Recently suffer through a stifling cross-country flight? Like everything these days, there’s an app that aims to solve that.
Flight attendant unions are petitioning the government to establish temperature regulations on commercial aircraft. To that end, the Association of Flight Attendants created an app called 2Hot2Cold. It launched publicly Aug. 1.
The app allows flight attendants and passengers to report extreme temperatures while on board. To accurately register those temperatures, the unions are also providing attendants with thousands of small thermostats.
The data collected from the app will be presented to the Transportation Department to support the claim that federal standards are needed, Sara Nelson, president of the AFA, said.
“Any time of the year you can experience extreme temperatures” and that is exacerbated when airlines are cutting costs on seat space and air cooling, Nelson said. “The reason this is not taken seriously is because there are no rules on the books today with FAA or DOT.”
A spokeswoman for the DOT said the agency received the petition seeking rulemaking and is reviewing it. The DOT didn’t respond to Bloomberg Law’s additional questions on the topic.
Some current policies address the need to keep passengers comfortable in-flight, but they focus on tarmac delays, which could contribute to extreme cabin temperatures.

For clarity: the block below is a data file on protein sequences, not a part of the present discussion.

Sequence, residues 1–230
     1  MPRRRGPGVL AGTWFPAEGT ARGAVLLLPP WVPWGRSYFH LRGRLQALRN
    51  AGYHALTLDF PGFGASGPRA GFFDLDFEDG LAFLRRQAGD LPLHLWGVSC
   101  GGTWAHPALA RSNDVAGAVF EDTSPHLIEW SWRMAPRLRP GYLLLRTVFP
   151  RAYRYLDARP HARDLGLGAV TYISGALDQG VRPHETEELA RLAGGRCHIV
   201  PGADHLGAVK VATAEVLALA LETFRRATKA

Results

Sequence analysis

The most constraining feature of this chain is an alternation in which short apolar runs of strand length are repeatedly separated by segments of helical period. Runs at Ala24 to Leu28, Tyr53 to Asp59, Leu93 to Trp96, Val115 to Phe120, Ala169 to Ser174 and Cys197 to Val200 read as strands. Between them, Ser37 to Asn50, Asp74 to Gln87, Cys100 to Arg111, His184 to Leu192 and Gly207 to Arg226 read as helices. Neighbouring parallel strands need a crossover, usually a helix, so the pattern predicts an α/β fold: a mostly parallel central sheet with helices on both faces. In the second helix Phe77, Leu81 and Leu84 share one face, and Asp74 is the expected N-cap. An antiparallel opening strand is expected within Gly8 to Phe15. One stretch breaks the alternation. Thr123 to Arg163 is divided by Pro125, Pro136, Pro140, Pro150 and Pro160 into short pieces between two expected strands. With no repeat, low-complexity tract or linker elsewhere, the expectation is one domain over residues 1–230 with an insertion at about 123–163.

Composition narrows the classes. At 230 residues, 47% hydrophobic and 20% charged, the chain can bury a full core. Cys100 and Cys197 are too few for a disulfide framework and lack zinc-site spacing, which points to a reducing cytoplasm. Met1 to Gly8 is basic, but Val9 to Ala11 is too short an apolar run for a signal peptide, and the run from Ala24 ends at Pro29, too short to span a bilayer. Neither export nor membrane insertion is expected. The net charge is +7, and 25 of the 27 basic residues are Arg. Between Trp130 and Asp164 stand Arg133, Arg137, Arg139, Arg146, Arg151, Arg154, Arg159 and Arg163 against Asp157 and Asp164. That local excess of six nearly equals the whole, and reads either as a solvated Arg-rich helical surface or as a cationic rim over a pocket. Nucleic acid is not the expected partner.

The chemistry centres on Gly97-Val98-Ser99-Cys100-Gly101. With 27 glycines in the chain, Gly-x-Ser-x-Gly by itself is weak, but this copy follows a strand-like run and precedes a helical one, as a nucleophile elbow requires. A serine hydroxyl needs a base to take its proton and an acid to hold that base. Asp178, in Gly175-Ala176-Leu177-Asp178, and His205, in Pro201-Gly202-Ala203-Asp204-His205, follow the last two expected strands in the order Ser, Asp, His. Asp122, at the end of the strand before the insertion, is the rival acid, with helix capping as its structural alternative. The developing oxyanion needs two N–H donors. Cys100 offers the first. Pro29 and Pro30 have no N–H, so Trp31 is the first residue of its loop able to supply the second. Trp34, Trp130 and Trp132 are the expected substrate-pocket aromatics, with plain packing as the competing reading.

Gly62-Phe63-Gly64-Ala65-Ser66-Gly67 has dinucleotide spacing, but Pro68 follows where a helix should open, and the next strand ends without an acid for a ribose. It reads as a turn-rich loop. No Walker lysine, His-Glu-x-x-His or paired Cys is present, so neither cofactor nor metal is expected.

Keep It at 65 Degrees
The union asks that the “target range” for temperatures be set at between 65 and 75 degrees and that the maximum in most situations be 80 degrees.
The Federal Aviation Administration has a voluntary, confidential system for reporting flight safety concerns. Unbearable heat is regularly a problem for flight crew, reports collected through that system show.
“Flight attendants can suffer from heat exhaustion which adds to fatigue, which is something attendants can already suffer from,” Lyn Montgomery, president of the Transportation Workers of America Union Local 556, said.
As a result of the heat and sometimes cold, attendants have reported angry or sick passengers, an attendant fainting, and people needing to be hospitalized because of heat exhaustion, the reports show.
Extreme temperatures can also raise security concerns, Nelson said. That includes incidents of “air rage” between passengers and attendants becoming lethargic and therefore taking longer to respond to issues that may arise.
“This is a safety issue through and through. We’ve had enough of it,” she said.
Airlines for America, a U.S.-based trade association and lobbying firm representing major airlines, said it hasn’t seen the 2Hot2Cold app and can’t speculate on possible future regulations.
“Generally speaking, U.S. airlines work hard to maintain a level of comfort passengers expect on each and every flight,” a spokeswoman said. “When inflight, cabin crew work together with pilots to request a warming or cooling of the aircraft in accordance with individual company procedures.”